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고봉 경욱 / 高峯[古峯, 古峰] 景昱 Gobong Gyeonguk (1890–1962)
Birth name: 박경욱 / 朴景昱 Bak Gyeonguk

(Magyar átírás:) Kobong Kjonguk


Kobong (1890—1962), aka Zen master Ko Bong, was Zen Master Seung Sahn ‘s teacher. He became a monk at an early age at Namjasa, and later attained enlightenment while sitting Kyolche at Tongdosa. Kobong sunim was famous for his wild behavior and heavy drinking. He also refused to teach Korean monks, calling them arrogant, preferring only to teach nuns and laypeople. Until he met Sungsan Sunim, Zen Master Kobong had never given Dharma transmission to any monk. After getting enlightenment, Sungsan sunim went to check his attainment with Zen Master Kobong, who was renowned for being one of the fiercest keen–eyed masters of his generation. Kobong sunim tested his student with many difficult Kong–Ans, all of which the young Sungsan sunim passed with ease. Zen Master Kobong finally stumped him with the Kongan “The cat eats mouse food, but the cat bowl is broken.” The two sat facing each other, eyes locked, for close to an hour, when suddenly Sungsan sunim had a breakthrough and gave him the correct answer. Zen Master Kobong then said “You are the flower and I am the bee” and soon after gave Dharma transmission to the young Sungsan sunim.

Kobong sunim spent his final days at Hwagyesa in Seoul, being cared for by his only Dharma heir, and eventually he passed away in 1962.


Kobong soensanim (Korean: 고봉선사, Hanja: 高峯禪師, 1890–1962), the 77th Korean Buddhist Patriarch in his teaching lineage, was a Korean Zen master.
At an early age, Kobong became a monk at Namjangsa. Known for spontaneous and eccentric teaching, he sometimes said that he preferred to teach laypeople because monks were too lazy to practice hard.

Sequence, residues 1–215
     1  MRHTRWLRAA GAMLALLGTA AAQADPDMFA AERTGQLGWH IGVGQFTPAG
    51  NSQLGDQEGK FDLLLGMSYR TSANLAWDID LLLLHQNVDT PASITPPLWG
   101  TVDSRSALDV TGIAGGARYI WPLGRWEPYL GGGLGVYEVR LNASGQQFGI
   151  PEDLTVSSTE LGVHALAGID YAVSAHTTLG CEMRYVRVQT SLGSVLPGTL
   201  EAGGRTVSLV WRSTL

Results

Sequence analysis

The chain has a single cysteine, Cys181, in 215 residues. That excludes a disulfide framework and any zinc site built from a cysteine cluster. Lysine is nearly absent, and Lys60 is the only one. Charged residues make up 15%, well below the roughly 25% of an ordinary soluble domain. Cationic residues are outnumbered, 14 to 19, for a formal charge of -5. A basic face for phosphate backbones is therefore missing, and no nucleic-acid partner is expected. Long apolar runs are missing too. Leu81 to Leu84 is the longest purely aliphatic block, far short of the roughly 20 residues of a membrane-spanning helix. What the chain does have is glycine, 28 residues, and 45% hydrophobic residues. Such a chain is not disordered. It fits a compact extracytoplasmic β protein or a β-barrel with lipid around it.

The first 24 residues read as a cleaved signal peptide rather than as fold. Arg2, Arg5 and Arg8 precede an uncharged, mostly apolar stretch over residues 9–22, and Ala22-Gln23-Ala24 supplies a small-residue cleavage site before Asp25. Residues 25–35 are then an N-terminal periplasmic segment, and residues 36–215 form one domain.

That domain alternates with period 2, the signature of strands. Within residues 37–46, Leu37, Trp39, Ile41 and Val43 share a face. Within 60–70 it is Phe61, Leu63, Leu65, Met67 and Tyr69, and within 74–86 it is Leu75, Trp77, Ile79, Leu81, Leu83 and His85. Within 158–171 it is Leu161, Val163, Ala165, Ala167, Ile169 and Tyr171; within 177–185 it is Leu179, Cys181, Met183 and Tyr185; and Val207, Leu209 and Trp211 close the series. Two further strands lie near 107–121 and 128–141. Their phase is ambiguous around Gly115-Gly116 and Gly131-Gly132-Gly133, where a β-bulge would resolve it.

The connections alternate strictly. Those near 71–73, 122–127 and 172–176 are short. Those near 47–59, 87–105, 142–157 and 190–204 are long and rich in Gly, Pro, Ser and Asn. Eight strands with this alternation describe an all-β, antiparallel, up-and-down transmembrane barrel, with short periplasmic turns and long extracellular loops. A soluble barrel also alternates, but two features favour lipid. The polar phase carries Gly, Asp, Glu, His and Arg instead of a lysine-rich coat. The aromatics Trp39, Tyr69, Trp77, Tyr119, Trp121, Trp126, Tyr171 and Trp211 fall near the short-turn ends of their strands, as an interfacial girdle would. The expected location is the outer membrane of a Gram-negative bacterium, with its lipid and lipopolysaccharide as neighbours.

Kobong never held a position at any temple or established a temple of his own. When he was elderly, his student Seungsahn brought him to Hwagyesa in Seoul, South Korea where Kobong died at the temple in 1962. A large granite monument was built in his honor on the hillside overlooking Hwagyesa.
Kobong Sunim was Dharma heir to Man-gong Sunim, who was in turn Dharma heir to Kyongho Sunim. Kobong Sunim's best known student was Seungsahn Sunim (1927–2004), founder of the Kwan Um School of Zen. Seungsahn Sunim received Dharma transmission from Kobong Sunim at 22 years of age. Kobong had never given inka to any monk before he met Seungsahn Sunim and Seungsahn remained his only dharma heir.

Sunim is a Korean word that means ordained Buddhist and can refer to both men and women who have taken ordination vows.


Zen Master Ko Bong (1890 - 1962) was the greatest of Zen Master Man Gong's dharma heirs. He was also the most unorthodox and there are many stories of his "bad" behavior.

For example, one time Ko Bong stayed at small temple. Every day he worked very hard making a new rice field in the mountains. The temple was very poor, so the food was very bad.

One day when temple's master had gone to town, Ko Bong suggested to the other monks that they sell the monastery's cow and go buy wine and meat. Everyone agreed, so they sold the cow and used the money to buy wine and meat. After the evening sitting, they laughed and danced and drank all night in the meditation hall.